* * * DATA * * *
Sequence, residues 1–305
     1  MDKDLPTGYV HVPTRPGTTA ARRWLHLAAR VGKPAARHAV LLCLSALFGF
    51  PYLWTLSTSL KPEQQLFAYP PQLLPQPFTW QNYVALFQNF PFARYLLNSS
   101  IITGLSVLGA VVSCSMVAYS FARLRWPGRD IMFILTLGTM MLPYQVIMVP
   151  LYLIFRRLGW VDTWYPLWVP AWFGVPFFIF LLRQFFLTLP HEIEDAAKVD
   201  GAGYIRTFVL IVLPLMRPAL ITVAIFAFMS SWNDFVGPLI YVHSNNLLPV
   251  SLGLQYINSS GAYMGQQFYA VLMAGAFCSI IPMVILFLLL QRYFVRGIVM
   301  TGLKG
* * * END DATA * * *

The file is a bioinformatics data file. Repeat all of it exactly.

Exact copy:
Sequence, residues 1–305
     1  MDKDLPTGYV HVPTRPGTTA ARRWLHLAAR VGKPAARHAV LLCLSALFGF
    51  PYLWTLSTSL KPEQQLFAYP PQLLPQPFTW QNYVALFQNF PFARYLLNSS
   101  IITGLSVLGA VVSCSMVAYS FARLRWPGRD IMFILTLGTM MLPYQVIMVP
   151  LYLIFRRLGW VDTWYPLWVP AWFGVPFFIF LLRQFFLTLP HEIEDAAKVD
   201  GAGYIRTFVL IVLPLMRPAL ITVAIFAFMS SWNDFVGPLI YVHSNNLLPV
   251  SLGLQYINSS GAYMGQQFYA VLMAGAFCSI IPMVILFLLL QRYFVRGIVM
   301  TGLKG